Saturday, 14 November 2015

Observation selection effects misunderstood

I argue in my observation of the observable video that observation selection effects are part of evolutionary theory - and are simply the result of applying selection theory to observers. I notice that not everyone seems to be on the same page as me about this. Both John Campbell and Matt Ridley have recently ridiculed anthropic reasoning. In chapter one of The Evolution Of Everything, Matt Ridley compares the anthropic principle to a 'skyhook' and writes:

anybody outside a small clique of astronomers who had spent too long with their telescopes, the idea of the anthropic principle was either banal or balmy, depending on how seriously you take it. It so obviously confuses cause and effect. Life is adapted to the laws of physics, not visa versa.
John Campbell doesn't like observation selection effects either. Here are my comments on his treatment in Darwin does Physics, from my book review of it:

I agreed with John in most places - but there were a few areas of disagreement. One was the treatment of observation selection effects. I regard these as a key area where the usefulness of selection is already appreciated by physicists. "Observation of the observable" neatly generalizes Spencer's "Survival of the fittest". However, John's perspective is very different. He says that the anthropic principle is anthropocentric and criticises observation selection as being tautological and unscientific. It is true that the term "anthropic" has an anthropocentric name. However, I think that it is best to ignore the use of this stupid terminology and focus on observation selection effects. These are not tautological or unscientific. Indeed, they help support the case for the applicability of Darwinism to physics - since these selection effects are already well recognised by physicists as a source of 'goodness of fit' between physical law and humans. John has no coverage of this in his book - it seems like a fairly major omission to me.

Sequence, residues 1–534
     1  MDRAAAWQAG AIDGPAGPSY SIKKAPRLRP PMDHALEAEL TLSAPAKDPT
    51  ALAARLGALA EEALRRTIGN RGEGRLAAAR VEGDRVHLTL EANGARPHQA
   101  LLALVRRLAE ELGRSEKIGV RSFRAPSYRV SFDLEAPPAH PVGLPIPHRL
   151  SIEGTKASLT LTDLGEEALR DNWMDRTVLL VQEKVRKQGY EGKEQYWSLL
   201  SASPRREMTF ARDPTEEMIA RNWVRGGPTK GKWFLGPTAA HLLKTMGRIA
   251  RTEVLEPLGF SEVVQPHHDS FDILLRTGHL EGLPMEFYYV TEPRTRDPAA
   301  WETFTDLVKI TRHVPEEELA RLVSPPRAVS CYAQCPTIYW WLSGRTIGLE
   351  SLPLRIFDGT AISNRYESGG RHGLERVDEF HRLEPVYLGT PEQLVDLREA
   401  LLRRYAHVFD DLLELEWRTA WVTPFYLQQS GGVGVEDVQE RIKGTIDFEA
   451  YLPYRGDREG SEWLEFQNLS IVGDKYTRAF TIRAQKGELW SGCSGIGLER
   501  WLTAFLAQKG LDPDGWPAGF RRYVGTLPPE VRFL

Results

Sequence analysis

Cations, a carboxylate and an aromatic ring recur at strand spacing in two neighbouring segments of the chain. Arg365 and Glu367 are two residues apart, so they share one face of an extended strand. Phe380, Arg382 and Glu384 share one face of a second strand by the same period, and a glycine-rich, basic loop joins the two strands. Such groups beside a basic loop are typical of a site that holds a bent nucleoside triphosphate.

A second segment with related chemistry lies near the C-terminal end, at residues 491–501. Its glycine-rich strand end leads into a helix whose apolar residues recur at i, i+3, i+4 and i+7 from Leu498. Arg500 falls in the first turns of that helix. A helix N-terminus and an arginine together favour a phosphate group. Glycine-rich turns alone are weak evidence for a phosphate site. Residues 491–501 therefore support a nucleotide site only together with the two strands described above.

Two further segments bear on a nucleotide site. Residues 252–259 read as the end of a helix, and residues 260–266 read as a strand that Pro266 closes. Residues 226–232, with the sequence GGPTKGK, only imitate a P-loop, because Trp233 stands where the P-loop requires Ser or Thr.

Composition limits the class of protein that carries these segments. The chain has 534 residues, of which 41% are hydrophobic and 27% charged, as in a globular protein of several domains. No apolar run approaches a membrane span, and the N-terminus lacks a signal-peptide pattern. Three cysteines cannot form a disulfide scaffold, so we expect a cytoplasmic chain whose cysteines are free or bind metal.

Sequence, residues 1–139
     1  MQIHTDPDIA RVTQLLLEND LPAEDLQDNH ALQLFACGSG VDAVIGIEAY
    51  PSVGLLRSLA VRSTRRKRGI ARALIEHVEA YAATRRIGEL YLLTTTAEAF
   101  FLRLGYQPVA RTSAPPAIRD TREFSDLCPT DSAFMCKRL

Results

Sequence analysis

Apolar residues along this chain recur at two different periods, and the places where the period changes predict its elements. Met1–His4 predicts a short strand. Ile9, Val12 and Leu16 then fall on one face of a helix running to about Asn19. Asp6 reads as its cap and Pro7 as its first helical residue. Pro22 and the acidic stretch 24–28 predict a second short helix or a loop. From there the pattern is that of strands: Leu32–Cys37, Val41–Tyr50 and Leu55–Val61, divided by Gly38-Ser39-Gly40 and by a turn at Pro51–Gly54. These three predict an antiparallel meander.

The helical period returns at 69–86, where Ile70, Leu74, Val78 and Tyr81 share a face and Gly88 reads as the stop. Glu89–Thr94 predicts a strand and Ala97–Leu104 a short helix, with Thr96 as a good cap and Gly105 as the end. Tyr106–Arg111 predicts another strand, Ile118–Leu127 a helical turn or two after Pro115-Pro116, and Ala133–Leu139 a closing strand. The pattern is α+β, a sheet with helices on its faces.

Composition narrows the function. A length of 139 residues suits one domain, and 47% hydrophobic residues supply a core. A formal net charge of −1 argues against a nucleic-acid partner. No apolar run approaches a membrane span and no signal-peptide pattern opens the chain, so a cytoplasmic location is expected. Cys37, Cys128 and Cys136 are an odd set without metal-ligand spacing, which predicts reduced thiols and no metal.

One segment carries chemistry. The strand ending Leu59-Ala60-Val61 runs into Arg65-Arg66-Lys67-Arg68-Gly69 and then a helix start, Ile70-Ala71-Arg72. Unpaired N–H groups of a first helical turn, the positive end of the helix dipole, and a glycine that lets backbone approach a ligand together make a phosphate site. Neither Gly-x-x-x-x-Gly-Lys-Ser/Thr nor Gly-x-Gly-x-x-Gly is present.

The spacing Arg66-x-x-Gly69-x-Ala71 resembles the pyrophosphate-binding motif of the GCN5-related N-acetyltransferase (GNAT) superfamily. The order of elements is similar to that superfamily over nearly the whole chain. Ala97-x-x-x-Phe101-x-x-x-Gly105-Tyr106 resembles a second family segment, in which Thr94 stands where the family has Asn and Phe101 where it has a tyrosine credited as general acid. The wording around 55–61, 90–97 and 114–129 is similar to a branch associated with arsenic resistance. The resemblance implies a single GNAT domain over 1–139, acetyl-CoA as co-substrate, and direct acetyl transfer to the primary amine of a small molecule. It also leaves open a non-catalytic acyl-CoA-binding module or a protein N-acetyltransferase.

Both Ridley and Campbell quote from the puddle parable of Douglas Adams to support their ideas. Douglas wrote:

Imagine a puddle waking up one morning and thinking, 'This is an interesting world I find myself in — an interesting hole I find myself in — fits me rather neatly, doesn't it? In fact it fits me staggeringly well, must have been made to have me in it!
Douglas is arguing that reasoning from apparent design to the existence of a creator is not sensible. However this isn't an argument against the utility of observation selection effects! Campbell and Ridley both need to rethink their positions.

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